As Hamlet reluctantly begins his quest, he is joined by Iago (which should give you an indication of Richard’s true intentions) and crosses paths with the Prodigals, who are Shakespeare loyalists that believe the Shadow King will find their god and return him to the land rather than slay him. By the midway point of the series, Hamlet is pursued by representatives of both sides as he decides exactly what he will do upon finding Shakespeare.

This concept could not work were it not for McCreery and Del Col’s understanding of the plays, characters, and concepts of William Shakespeare, which they skillfully mash together. Although The Bard never would have dreamed of crossing Hamlet over with the likes of Richard III or Falstaff with the likes of Puck (and even more obscure characters like Tamora), the writing duo remain true to the characters in the way that they would interact with one another and what roles they would play. The story is tailor-made for the characters and I can only assume that a painstaking amount of research was done to craft it in such a way that no substitutions from the dozens of notable characters in Shakespeare’s plays could take the place of one another in this story. Shakespeare wrote many Kings, but none could take the position that Richard has within this story without fundamentally altering it.

As someone that vehemently opposes Shakespeare’s plays being taught or read in anything but its original Early Modern English (EModE), I am pleased that the writers have made a generous attempt to bridge the gap between the Early Modern and our Modern English without coming across like you are reading a 1960s Thor story. The dialect of the characters is simultaneously accessible and anachronistic. Being a “mainstream” (or just a smidgen left of mainstream) “adaptation” (or more than just a smidgen left of adaptation) of the works of Shakespeare, I wouldn’t have raised any qualms about using contemporary speech. Instead, I was pleasantly surprised by the approach that the writers took.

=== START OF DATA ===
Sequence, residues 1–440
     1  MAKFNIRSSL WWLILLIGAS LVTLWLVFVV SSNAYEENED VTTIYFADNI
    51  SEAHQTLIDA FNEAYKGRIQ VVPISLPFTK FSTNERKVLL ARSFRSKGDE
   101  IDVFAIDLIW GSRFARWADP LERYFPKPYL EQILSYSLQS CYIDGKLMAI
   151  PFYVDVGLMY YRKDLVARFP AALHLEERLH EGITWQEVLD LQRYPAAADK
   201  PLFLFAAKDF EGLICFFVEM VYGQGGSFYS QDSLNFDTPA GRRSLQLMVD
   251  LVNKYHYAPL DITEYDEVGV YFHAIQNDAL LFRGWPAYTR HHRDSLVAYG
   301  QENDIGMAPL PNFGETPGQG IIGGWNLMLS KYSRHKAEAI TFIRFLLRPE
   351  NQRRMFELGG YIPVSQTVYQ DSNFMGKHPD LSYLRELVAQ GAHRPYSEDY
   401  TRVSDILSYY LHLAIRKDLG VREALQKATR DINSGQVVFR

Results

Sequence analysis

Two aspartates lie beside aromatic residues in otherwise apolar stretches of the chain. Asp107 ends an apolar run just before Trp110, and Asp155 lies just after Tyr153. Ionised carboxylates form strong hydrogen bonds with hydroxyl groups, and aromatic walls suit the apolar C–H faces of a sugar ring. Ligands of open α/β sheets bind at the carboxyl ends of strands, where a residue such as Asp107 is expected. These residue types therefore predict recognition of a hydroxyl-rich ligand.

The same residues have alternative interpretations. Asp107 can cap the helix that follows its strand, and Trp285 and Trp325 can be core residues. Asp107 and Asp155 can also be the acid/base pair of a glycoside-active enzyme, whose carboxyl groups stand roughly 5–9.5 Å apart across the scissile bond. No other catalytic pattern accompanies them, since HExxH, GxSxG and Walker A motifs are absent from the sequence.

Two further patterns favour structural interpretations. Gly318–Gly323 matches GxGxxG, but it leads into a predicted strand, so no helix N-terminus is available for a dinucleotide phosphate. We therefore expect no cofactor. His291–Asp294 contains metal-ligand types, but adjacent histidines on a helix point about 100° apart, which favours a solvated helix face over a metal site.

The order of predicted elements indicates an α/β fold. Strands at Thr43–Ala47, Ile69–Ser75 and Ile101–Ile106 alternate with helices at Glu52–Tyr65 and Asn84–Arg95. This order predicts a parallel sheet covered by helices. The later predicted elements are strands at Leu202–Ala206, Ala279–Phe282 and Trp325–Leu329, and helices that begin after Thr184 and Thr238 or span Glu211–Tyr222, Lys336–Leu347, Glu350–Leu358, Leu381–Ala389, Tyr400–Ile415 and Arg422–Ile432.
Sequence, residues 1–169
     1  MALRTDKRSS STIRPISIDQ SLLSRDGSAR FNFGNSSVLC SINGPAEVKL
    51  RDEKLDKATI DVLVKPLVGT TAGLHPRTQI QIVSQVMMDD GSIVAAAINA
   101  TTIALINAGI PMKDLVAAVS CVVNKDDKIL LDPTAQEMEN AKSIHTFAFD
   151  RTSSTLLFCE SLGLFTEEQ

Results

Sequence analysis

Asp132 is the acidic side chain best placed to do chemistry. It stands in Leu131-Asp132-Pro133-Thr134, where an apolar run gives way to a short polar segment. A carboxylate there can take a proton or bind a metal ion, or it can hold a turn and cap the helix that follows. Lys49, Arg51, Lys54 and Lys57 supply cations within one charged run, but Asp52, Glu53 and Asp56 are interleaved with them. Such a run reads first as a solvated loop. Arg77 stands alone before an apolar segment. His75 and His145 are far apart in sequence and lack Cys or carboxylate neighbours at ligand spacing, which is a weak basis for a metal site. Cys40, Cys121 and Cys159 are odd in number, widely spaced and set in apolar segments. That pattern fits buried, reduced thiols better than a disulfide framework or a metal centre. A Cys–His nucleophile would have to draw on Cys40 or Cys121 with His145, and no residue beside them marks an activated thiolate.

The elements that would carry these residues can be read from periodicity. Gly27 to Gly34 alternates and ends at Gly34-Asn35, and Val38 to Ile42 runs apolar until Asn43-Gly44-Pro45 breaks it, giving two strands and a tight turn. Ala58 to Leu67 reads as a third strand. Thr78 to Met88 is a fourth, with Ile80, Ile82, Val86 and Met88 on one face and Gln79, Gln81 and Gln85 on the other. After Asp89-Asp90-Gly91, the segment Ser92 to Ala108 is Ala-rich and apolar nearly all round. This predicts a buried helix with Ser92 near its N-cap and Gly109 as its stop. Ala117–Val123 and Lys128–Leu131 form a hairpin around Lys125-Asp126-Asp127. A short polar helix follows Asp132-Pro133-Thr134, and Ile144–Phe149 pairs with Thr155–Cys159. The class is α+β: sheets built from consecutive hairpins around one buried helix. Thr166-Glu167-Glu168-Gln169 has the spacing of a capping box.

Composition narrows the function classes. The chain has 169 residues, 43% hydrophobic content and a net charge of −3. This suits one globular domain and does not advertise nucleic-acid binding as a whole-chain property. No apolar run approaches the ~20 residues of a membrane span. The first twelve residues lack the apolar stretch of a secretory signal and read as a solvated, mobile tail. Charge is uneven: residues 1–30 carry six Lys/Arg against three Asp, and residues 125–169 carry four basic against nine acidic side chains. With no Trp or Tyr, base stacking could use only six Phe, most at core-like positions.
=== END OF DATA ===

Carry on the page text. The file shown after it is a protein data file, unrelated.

Artist Andy Bellenger and colorist Ian Herring are given the lofty task of bringing this insanely creative world to life and, for the most part, I’m very pleased with how they do. In the initial pages of the first issue, I was slightly disappointed with the somewhat dated and not terribly polished look of the art. It wasn’t as sharp as I’d like and its lack of a clearly defined style gave some of the characters a somewhat bland look.